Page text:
Last-minute change in plans worked for seeing Tour of California out nicely!

The men’s field rounding a corner on the final lap, with Quick Step’s team putting Kittel into a great position to win the sprint (which, of course, he did!).

the original plan was for Kevin and I to drive to Sacramento early this morning, park close to the American River Bike Trail, and then do a ride out towards Folsom and back, returning in time to see the finish of the men’s race.

We got off to a bit of a late start, and then hit some heavy traffic en-route, threatening to really cut into our ride time. As we approached Davis, I had an interesting thought. Why not ride from Davis into Sacramento, watch both the men’s and women’s race, and ride back? Kevin quickly checked the feasibility on GoogleMaps, which said quick, take the next exit, park & ride. So that’s what we did. And what an awesome place to leave from, with both a drive-through coffee place and Redrum Burger (formerly known as “Murder Burger” which apparently didn’t sit well with the city leaders of Davis).


The nearly-endless Yolo Causeway

We programmed the destination into our Garmin computers and they faithfully took us straight to the bike race! “Straight” is more than a subjective expression in this case; it’s a perfectly-straight run after the first slight curve on Olive Drive, over the Yolo Causeway and into West Sacramento. For some reason I’d always wanted to ride the Yolo Causeway, so it’s one more thing crossed off the list. Unfortunately, we had a mild headwind heading out, and a nasty headwind coming back! What’s with that? Riding next to the freeway, it’s also on the noisy side, plus, the surface isn’t much different from what you find on the Dumbarton Bridge bike path. Lots of debris! But we got through, twice, without incident.


Once in Sacramento we found a great place for coffee (actually, the first of two), Temple Coffee. But Food? I thought there had been a “food court” of sorts within the race course years past, but might have been mistaken? Sure couldn’t find any! Eventually we headed a block or two off the course and found a street stand selling bacon-wrapped hot dogs. Mmm. Bacon. This day was going very well so far!

We then set up for the women’s race, finding we really didn’t have an interesting place for pictures, about 150 meters from the finish. For the men’s, we found an area where they’d be coming hard through a corner, with reasonably-decent lighting. The result is at the top of the page.

Afterwards we retraced our steps back to Davis, facing, as mentioned, that nasty headwind. Somehow it didn’t seem that much of a bother though, which seems strange. Seriously, what could be worse than a perfectly-straight piece of road, with marginal pavement and a stiff headwind?

In the end it wasn’t a very long ride, just 30 miles, but did get me just over my 120 mile Strava goal. Plus another really good coffee place on the course (which I don’t recall the name of) and finally, upon our return to the car, dinner at Murder Burger! Er, I mean, Redrum Burger. What’s not to like?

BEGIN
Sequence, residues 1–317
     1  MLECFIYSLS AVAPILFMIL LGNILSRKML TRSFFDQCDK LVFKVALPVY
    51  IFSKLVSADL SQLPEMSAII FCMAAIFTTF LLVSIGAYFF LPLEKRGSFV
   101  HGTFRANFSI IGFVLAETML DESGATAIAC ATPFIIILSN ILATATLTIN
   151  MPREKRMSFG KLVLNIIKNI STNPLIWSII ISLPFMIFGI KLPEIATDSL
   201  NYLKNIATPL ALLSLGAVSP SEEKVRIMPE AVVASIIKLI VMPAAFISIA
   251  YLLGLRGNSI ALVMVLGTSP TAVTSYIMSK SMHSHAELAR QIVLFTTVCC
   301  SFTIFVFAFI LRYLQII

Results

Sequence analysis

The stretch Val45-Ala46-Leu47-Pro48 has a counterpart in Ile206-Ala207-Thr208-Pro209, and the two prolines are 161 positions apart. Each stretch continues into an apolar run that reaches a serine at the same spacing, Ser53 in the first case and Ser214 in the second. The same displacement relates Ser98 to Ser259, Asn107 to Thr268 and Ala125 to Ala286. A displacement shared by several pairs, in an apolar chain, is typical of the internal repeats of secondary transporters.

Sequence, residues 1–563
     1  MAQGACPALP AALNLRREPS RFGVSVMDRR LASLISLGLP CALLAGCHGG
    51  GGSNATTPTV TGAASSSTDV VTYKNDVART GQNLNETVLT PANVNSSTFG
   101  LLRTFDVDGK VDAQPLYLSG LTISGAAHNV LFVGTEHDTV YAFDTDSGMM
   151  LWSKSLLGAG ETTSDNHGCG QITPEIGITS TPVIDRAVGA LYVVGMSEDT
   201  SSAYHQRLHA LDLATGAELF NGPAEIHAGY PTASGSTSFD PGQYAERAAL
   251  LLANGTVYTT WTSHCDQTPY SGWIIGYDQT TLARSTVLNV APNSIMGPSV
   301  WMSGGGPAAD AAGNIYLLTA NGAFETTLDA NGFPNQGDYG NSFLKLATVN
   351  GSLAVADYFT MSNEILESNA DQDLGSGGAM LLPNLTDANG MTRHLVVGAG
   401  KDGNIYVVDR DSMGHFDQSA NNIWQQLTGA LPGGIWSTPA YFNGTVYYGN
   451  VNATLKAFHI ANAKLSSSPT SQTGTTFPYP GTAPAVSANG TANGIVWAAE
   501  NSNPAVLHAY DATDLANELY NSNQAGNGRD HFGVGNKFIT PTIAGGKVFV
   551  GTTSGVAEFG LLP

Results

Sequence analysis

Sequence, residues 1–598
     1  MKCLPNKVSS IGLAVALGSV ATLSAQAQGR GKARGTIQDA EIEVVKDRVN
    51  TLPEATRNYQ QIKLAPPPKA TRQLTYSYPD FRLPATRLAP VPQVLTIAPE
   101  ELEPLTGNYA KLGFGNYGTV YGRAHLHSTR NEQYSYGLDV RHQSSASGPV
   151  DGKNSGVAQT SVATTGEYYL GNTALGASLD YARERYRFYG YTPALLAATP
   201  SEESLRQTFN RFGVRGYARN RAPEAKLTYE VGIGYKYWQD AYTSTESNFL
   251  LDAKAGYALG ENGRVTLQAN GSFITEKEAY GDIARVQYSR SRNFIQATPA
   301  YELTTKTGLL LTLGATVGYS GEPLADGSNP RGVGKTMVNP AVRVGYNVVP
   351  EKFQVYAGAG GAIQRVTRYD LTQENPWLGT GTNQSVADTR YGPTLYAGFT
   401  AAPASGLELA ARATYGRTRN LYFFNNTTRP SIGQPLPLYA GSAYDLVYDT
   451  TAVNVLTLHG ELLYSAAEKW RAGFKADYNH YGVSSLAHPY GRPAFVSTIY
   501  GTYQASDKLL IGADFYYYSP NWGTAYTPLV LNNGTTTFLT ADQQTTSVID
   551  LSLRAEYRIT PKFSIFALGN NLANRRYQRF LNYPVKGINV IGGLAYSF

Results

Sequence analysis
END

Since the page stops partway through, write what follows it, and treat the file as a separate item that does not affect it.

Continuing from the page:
Well, what’s not to like was the drive home, which took more than an hour longer than the drive getting there, due to really heavy traffic. Getting places by bike or train is so much nicer than by car.

Nobody lives forever, but I’m good for today and tomorrow.

You get older and, at some point, the fact that you’re not going to be around forever becomes something you think about. Perhaps for me the concept of mortality is brought home by way of all the testing that’s been done on my heart & lungs, trying to get to the bottom of my breathing issues. For example, last week I had an electrocardiogram re-test, to see how my heart looks compared to a year ago. This because I now have a real live pulmonologist looking into things for me, and he had some concerns about the very small amount of “valve leakage” that showed up in my prior test, as well as the “athlete’s heart” thing. You can read all about the phenomenon here, but in a nutshell, it’s a normal adaptation of the heart to a lifetime of exercise.

But hey, I’m 61 years old, and it’s not unheard of for people my age to have some weird undiagnosed heart thingee that drops them like a rock. That’s where I have a huge advantage. I’ve now been echocardiogrammed, stress-tested, scanned and then some. My ticker has been pronounced solid.

But until you get the results, things are in a weird state of limbo, and you’re just a bit unsure of how far you should push yourself. What’s going on in that ticker inside your chest?

Finally, Wednesday morning (two rides after the latest round of tests) came the news. The ticker’s good. No progression at all in valve leakage, nothing else to worry about. But a lot of time in-between the test and the results to be thinking about the future, and even the present. Minutes can pass like hours, and interesting thoughts intrude when you’re engaged in things you don’t enjoy, as in, this is time I’ll never get back!

I’m glad those days are over. I’m glad I no longer have thoughts there could be something that could stop me dead in my tracks, without warning. That doesn’t mean I’m immortal though. Nobody is. You keep looking for answers and eventually even the healthiest person will likely find something not-quite-right. But whatever remains isn’t nearly so scary.